property tax

How Do I Pay My Property Taxes in 2020?

In the middle of the worldwide Coronavirus pandemic, many people have been hit with financial distress due to job losses and other loss of income.  Despite extensions made for income tax and other official payments, property taxes for your Florida county are still due this year. However, there are options you can take to help lessen the impact that property taxes have on the bottom line of your household or businesses’ accounts.  We talk to real estate attorney Nima Ajabshir, the Managing Partner at South Florida Law, PLLC about the details.

Interviewer: Let’s start with the basics.  Are 2019 Property Taxes due on time this year?  Has there been an extension?

Nima Ajabshir, Esq: Yes, there was an extension but it was only for two weeks.  Governor DeSantis extended the deadline from March 31st to April 15th.  So 2019 property taxes are due this week! It’s important to pay them on time to avoid penalties and late fees.

Interviewer: What can people expect this summer with their 2020 property taxes?

NA: From what we can see, the process will be the same as in previous years.  We are not expecting any procedural or deadline changes with respect to when and how people receive their property tax documentation.  If you are a resident anywhere in Florida, you can expect a TRIM notice from your county sometime before the middle of August. TRIM stands for  Truth-in-Millage, a term used throughout the State of Florida since 1980. The TRIM notice will state your property’s ad valorem tax liability.  That’s the amount that you owe based on the county’s assumption of the value of your property.

Interviewer: So what can people do if they are experiencing financial hardships due to the Coronavirus shut down and its effects?

NA: First and foremost it’s important that individuals and businesses take advantage of the economic aid package that resulted from the Families First and CARE Acts.  The Payroll Protection Program and other opportunities for debt-based and grant-based relief are listed as links on the South Florida Law Coronavirus Resources page.  People should work closely with their accountants and bankers to ensure that they submit timely applications and gain access to the funds they need and to which they have a right.

Secondly, commercial and residential property owners have a right to appeal their property taxes.  We encourage anyone in Florida who suspects that their property tax is too high to file an appeal with their county.  At South Florida Law, we facilitate that process by making appeals on behalf of Florida property owners every year.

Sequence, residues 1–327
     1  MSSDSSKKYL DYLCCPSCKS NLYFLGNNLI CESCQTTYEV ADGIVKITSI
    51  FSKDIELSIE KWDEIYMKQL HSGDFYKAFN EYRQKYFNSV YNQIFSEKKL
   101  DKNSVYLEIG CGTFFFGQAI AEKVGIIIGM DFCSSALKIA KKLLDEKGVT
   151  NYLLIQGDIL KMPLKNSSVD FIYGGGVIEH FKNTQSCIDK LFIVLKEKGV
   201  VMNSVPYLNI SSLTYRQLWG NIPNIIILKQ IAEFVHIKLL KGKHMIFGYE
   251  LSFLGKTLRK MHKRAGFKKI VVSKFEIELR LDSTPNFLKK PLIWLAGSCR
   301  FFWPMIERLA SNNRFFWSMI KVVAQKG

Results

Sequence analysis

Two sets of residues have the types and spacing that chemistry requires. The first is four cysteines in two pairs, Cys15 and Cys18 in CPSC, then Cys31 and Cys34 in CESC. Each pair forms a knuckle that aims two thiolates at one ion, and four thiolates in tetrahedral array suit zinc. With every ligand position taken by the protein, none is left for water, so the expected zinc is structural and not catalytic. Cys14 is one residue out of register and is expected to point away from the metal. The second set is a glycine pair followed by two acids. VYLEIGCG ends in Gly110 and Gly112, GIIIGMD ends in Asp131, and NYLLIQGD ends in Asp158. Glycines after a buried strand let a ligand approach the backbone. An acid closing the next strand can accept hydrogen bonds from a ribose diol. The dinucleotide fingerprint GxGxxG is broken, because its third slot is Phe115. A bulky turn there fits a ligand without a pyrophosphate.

Interviewer: How do you file appeal?

NA: Appeals can be filed directly with your county and must be submitted before the deadline in mid-September.  The exact date varies by county. The easiest and way to file an appeal is to use an experienced real estate lawyer to make the appeal on your behalf.  We make the process simple for Florida residents at South Florida Law. Simply fill out our property tax appeal form online, upload your TRIM notice and we will contact you with the next step in the process.

The most important thing for property owners to remember is the deadline.  Property tax appeals must be made before the mid-September deadline without exception.

Interviewer: How likely is it that your property tax will get reduced on appeal?

“We make the [property tax appeal] process simple for Florida residents at South Florida Law.”

NA: Property tax appeals are each filed separately and judged on a case by case basis. Our firm argues every property tax appeal separately, providing the necessary evidence required for each county’s valuation board to consider a reduction.  Sometimes the recent sale values of adjacent or nearby properties can serve as proof that a property may be overvalued. In the summer of 2020, economic conditions may drive down the value of some properties in the South Florida area – but we may have to wait until after the COVID-19 Shutdown to know for sure.

Interviewer: How much does it cost to file an appeal with South Florida Law?

NA: Property tax appeals are charged largely on a contingency fee basis.  That means that you only pay us if you win your appeal. The amount we take is a portion of the savings that you make from the appeal.    

Interviewer: Great. So, what’s the first step?

NA: Upload your TRIM notice with your contact details via our webform to start the property tax appeal process. Be sure to do so as soon as possible after receiving it in the mail.  We’ll contact you to take it from there.

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